Despite the challenges producers faced in 2020 stemming from the coronavirus pandemic, the US dairy industry found ways to adapt and make progress.
COVID-19 was definitely at the top of the list for US dairy farmers when it came to challenges impacting their business last year, however, data shows producers were able to protect – and even grow – demand for milk and dairy products. Dairy farmer Marilyn Hershey is Chair of Dairy Management, Inc. She recently gave credit to the national, state, and regional Dairy Checkoff Teams that successfully pivoted to the pandemic’s impacts.
“You know, the 2020 plan wasn’t sufficient for the circumstances we had,” Hershey said. “We had to redirect and move milk in other ways. Partnerships and relationships were critical. It was a great coming together, there was a lot of work that was being done, to you know fast and furiously to move more milk.”
Tom Gallagher is CEO of Dairy Management, Inc. He says partnerships with retail food outlets, as well as Feeding America, helped domestic and export dairy sales gain 1.2 percent growth through the month of September.
“I think if anyone would have placed a bet on that last March, the people with the 1.2 percent would have won that bet,” Gallagher said. “People were never going to guess we’d be at that level.”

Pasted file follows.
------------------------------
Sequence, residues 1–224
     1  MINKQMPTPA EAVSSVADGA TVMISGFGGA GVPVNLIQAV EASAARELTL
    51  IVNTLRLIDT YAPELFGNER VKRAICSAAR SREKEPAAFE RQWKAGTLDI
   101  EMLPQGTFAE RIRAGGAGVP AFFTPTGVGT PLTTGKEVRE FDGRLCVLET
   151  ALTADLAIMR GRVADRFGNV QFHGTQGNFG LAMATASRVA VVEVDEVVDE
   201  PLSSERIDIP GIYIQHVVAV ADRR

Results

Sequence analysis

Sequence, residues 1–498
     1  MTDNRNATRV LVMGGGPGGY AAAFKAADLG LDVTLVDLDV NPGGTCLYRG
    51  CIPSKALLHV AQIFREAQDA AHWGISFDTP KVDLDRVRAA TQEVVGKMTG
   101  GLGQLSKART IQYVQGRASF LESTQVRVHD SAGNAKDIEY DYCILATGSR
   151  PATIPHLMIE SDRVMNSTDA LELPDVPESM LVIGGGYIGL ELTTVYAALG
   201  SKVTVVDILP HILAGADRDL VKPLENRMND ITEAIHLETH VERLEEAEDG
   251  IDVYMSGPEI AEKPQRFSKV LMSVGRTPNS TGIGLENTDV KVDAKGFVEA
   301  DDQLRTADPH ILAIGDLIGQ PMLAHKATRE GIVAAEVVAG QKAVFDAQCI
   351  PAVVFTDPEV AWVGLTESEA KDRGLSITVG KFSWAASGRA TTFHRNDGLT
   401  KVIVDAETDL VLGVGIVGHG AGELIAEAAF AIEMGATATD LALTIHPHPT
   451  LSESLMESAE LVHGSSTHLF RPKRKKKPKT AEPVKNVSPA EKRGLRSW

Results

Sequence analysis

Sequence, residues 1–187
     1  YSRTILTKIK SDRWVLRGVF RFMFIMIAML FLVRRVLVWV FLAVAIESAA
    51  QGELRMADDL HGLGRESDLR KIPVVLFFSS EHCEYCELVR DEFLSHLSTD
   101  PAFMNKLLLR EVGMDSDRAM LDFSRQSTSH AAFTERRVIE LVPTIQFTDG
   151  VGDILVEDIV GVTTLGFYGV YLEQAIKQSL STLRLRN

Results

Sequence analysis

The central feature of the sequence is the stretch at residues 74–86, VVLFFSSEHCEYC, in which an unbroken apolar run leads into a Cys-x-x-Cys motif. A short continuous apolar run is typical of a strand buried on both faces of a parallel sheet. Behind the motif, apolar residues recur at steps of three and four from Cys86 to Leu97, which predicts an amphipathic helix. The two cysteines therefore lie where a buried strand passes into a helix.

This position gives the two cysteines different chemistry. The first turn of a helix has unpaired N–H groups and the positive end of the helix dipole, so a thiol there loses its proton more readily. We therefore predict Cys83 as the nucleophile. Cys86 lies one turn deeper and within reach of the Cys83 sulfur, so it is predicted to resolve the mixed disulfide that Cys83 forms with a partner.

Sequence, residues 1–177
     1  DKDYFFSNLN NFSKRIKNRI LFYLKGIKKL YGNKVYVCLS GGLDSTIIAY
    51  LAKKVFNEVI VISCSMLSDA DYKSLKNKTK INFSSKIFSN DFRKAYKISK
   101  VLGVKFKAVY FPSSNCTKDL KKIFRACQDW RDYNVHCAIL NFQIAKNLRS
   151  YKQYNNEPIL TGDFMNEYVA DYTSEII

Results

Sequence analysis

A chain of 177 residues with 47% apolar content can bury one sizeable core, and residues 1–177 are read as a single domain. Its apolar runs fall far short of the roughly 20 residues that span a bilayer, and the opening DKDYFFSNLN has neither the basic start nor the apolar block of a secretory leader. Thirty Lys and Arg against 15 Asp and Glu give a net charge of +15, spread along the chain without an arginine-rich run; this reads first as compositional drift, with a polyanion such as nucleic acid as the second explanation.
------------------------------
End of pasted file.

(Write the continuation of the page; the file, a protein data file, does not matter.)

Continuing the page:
The dairy industry was also able to advance sustainability goals, according to Barb O’Brien, President of the Innovation Center for US Dairy.
“We unveiled a field to farm gate plan – it’s called the Net Zero Initiative,” O’Brien said. “It is aimed at breaking down barriers to make new technologies and practices more accessible and more affordable to farms of all sizes. You know, this is so critical for farmers because ultimately for us to be successful we have got to earn consumer trust. By being proactive they’re putting themselves at the table and able to define their future in this area and it’s a strategy that frankly, that worked.”
Iowa nationally ranks 12th in total milk production and 8th in milk production per cow. Iowa’s milk production represents 2.45 percent of the total U.S. milk production.